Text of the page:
What happens to your salary when you leave consulting for a start-up?

What happens to your salary when you leave consulting for a start-up?

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Summary

If you stay in consulting for most of your career, your pay will gradually increase to over £150k at director level (and over £250k at the same level in McKinsey, Bain or BCG).

But not everyone wants to stay in consulting – and not all analysts can become directors. So what happens to your salary when you leave consulting?

The average consulting salary

The average senior analyst-level salary in a large consultancy is £52k. If you are a consultant with McKinsey, Bain or BCG, that number is even higher – closer to £60k. If you stay in consulting for most of your career, your pay will gradually increase to over £150k at director level (and over £250k at the same level in McKinsey, Bain or BCG).

But not everyone wants to stay in consulting – and not all analysts can become directors. So what happens to your salary when you leave consulting?

Our comprehensive salary report answers this questions for the most popular industries (including corporates, boutique consultancies, large consultancies, private equity and start-up) with movemeon’s consultants and ex-consultants. To download the full report, just complete the form at the end of this article.

Alternatively, click here for some early insights based on the report.

In this article, we are going to look at the way your salary changes when you leave a large consultancy for the most popular industry: start-up.

Pay difference: large consultancy v. start-up

As a consultant, it can be difficult to break into the start-up scene – the strategy opportunities many consultants look for when they leave consulting don’t tend to be available. Start-ups might also look less attractive: at senior analyst level, the average start-up salary is £31k, compared to £52k at the same level in a large consultancy. And yet, start-ups are a wildly popular exit choice. Just in the last month, 908 start-up applications were submitted on movemeon. We’ve written about a few of the reasons why consultants join start-ups, including the importance of the experience and the learning opportunity, here.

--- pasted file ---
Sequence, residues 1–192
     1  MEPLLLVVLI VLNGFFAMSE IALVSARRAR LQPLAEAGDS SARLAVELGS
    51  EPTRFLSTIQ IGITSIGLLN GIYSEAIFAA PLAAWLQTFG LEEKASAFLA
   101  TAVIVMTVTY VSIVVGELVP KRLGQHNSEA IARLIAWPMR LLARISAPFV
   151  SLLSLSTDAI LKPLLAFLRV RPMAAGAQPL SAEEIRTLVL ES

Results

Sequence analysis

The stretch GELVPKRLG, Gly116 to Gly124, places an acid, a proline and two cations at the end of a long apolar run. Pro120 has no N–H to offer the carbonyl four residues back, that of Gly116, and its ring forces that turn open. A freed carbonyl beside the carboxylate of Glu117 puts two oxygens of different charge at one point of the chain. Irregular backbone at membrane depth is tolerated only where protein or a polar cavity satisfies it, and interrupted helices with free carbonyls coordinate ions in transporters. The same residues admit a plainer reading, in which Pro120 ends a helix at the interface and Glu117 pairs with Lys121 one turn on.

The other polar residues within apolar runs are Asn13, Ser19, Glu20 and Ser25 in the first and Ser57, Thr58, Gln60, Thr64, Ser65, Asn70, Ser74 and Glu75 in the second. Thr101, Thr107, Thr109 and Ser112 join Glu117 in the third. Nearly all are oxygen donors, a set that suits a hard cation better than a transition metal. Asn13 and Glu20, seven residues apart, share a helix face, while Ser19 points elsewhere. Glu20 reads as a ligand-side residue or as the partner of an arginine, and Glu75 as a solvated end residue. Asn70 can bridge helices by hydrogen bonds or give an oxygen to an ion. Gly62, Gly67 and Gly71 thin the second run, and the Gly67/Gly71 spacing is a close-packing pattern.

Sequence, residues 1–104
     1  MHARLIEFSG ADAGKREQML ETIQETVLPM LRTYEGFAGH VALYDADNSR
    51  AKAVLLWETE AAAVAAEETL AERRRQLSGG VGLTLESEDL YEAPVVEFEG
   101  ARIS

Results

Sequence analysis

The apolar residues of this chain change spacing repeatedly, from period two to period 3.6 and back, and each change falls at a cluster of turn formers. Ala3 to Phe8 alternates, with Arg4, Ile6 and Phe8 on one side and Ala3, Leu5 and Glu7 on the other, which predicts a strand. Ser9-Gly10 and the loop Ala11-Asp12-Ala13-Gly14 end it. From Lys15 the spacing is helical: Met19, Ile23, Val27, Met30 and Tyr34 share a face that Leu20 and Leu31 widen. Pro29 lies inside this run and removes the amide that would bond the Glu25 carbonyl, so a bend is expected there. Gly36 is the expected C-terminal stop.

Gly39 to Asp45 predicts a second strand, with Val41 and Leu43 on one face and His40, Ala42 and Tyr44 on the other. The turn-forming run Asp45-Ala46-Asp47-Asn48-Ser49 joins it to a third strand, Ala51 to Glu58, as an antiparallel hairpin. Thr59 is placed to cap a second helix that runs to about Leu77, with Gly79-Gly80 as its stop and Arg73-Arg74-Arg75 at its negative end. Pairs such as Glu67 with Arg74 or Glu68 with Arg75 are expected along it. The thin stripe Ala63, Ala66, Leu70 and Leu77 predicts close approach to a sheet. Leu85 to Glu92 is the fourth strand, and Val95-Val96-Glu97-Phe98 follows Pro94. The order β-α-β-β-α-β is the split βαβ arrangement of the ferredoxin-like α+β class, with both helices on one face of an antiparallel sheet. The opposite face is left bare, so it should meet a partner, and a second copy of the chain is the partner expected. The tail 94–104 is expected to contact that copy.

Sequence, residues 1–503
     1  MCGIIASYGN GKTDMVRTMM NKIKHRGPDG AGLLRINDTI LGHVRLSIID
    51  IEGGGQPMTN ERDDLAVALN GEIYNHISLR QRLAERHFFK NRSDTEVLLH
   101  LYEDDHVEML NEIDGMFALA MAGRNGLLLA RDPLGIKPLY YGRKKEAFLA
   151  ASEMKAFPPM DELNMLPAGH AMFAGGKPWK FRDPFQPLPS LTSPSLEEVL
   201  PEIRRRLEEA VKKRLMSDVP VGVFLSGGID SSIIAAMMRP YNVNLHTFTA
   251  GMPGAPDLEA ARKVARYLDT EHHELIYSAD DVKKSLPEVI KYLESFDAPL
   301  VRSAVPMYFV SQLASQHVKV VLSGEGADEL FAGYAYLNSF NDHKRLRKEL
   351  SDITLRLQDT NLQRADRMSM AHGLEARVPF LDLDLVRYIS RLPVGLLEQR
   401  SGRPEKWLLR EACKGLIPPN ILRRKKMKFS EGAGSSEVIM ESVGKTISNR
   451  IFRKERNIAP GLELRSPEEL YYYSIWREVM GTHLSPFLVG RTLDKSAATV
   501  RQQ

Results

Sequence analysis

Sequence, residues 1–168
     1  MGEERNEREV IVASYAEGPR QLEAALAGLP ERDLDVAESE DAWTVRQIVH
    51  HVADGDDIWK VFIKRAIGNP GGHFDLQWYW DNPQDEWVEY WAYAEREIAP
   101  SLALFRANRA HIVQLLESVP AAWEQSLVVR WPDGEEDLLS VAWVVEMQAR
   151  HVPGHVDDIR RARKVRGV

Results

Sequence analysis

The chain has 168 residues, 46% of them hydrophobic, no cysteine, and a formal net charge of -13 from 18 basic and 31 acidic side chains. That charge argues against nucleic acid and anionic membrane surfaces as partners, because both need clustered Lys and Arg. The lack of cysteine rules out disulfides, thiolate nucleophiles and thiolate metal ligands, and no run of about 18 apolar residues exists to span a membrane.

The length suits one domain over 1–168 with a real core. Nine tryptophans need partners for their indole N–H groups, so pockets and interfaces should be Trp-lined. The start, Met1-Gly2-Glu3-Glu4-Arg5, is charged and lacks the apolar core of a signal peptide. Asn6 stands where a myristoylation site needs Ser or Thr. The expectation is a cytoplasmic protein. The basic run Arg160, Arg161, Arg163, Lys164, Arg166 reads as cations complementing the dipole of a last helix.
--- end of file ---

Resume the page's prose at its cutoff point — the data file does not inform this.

An additional reason is that start-up compensation increases with seniority far more drastically than pay in a large consultancy: the average start-up director’s total compensation is £261k. In a large consultancy, the average director makes £60k less per year. The difference is mostly due to the non-cash component of start-up compensation, which far outweighs the cash component. For our detailed analysis of start-up compensation, click here.

Looking at pay per hour, the real difference in large consultancy v. start-up pay is smaller than absolute pay levels suggest. At analyst level, the difference is -23% (i.e., start-up salaries are 23% lower than those in a large consultancy). At associate level, that difference is -25%, at manager level -11%, and at director level +45%. In other words, even in terms of pay per hour, directors earn more in start-ups than in large consultancies. And at the lower levels, there is a pay difference, but not a drastic one. The popularity of start-up roles on movemeon, and with consultants in general, clearly shows that the drop in compensation when leaving a consultancy for a start-up is considered, at worst, a necessary evil – and more likely, a necessary lifestyle adjustment.

Interested in startups? Have a look at some of our start-up related articles: 

Working in a rapidly growing start-up: an interview with Heist studios

6 tips on how to break into the start-up scene – by Pockit COO 

Start-up hiring: a summary from movemeon’s salary report

Some of the great employers movemeon worked with last month:
Rentalcars.com, Amazon, Coca Cola, Jaguar Land Rover & more

 

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